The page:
Embrace Hope

Embrace Hope

What are you waiting for?

Don’t you wish to be blessed?

What should you do?

Put your hope in God, Allah, Brahma, or Dao.

Feel the warmth in knowing the Divine.

Make your path straight in seeking the light.

And embrace the celestial love that’s all embracing.

You’re sons and daughters of the Most High.

You’ve to love your neighbor as yourself.

You’ve to walk steadfast in faith.

And you’ll be greeted by the Almighty One.

It isn’t any use being selfish in life.

Share the joy you encounter with others.

And foster goodness with those you encounter.

So reach out to those that are lonely.

It’s the dawning of hope that counts.

It entangles all difficulties that seek to entrap you.

So let loose and rise like a star with brilliance.

These gifts bear incredible blessings.

“Divine Majesty, you’ve blessed us with many gifts.  Let our hope and joys of the future surround us like the brilliance of the sun.”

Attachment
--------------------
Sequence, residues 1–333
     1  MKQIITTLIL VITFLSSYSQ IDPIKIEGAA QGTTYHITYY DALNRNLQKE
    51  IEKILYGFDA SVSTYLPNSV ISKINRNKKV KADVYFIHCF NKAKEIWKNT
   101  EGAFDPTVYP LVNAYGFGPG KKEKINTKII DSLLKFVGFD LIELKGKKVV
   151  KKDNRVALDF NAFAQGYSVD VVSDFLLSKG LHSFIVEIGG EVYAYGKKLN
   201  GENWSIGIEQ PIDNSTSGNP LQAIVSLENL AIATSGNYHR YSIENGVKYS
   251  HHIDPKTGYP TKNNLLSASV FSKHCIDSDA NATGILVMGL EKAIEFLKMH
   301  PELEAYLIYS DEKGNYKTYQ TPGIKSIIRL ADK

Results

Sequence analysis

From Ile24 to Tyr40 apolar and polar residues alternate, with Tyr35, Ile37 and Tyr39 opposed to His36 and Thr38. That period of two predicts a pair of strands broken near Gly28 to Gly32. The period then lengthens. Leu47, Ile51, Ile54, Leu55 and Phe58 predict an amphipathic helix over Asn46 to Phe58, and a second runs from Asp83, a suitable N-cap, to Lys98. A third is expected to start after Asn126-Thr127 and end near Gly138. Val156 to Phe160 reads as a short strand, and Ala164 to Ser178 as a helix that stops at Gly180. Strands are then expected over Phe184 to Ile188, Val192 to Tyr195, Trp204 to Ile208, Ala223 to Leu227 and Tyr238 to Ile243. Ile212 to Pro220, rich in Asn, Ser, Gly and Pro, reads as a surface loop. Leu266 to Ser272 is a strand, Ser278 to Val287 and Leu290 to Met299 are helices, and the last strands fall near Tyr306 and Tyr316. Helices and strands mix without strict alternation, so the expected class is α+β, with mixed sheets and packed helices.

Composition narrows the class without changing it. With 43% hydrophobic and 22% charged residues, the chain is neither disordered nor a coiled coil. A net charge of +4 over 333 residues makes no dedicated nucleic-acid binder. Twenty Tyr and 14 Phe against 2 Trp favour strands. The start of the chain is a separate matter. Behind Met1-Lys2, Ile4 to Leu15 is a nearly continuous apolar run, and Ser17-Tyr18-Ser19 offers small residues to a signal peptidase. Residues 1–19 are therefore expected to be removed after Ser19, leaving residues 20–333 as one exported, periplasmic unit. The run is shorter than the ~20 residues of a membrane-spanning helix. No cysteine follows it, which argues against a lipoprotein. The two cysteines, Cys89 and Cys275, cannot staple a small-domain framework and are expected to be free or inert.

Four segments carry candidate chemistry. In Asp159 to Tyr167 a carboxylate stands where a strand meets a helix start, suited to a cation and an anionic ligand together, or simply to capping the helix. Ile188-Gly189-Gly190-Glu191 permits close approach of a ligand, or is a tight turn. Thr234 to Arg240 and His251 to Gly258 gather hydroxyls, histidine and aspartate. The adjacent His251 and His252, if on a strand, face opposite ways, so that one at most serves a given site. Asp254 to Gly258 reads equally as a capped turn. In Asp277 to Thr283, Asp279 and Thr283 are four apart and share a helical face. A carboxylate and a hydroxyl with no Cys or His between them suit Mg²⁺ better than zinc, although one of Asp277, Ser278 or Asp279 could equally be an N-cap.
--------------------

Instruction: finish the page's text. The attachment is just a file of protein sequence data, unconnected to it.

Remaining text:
The Bread of Life

Jesus gave thanks, consecrated the bread and wine, and presented his body and blood as spiritual nourishment to his apostles, and for the salvation of all (Jn. 6:53-58).  This Eucharist renews the same sacrifice Christ made upon the cross.  The ritual sacrifice under the Old Law was the sign of the covenant between God and his people.  In the New Testament the sacrifice achieves perfection through Christ.  This Eucharist is therefore celebrated as a memorial of Christ’s death, burial, resurrection, and ascension into heaven.  At the Mass Christ is sacramentally present.  He offers his sacrifice in the union with the church; for this reason we call the Eucharist the sacrifice of the church.

The Eucharist is a Sacrament

The Eucharist is a sacrament because Christ offers himself to the Father in the Mass just as he did on the cross, but the offering is made through the consecratory action of the priest.

What does the Eucharist do?

  1. Unites the recipient to Christ,
  2. Gives life – “a true food” (Jn. 6:54),
  3. Shares in the life of Christ – eternal life (Jn. 6:58; Mt. 5:23-24; Jn. 3:19-24),
  4. Builds up Christ’s mystical body – the church (1 Cor. 10:16-17; Jn. 17:2021),
  5. And serves as a heavenly banquet (1 Cor. 11:26; Mt. 26:29; Lk. 14:16; 2 Pet. 3:13).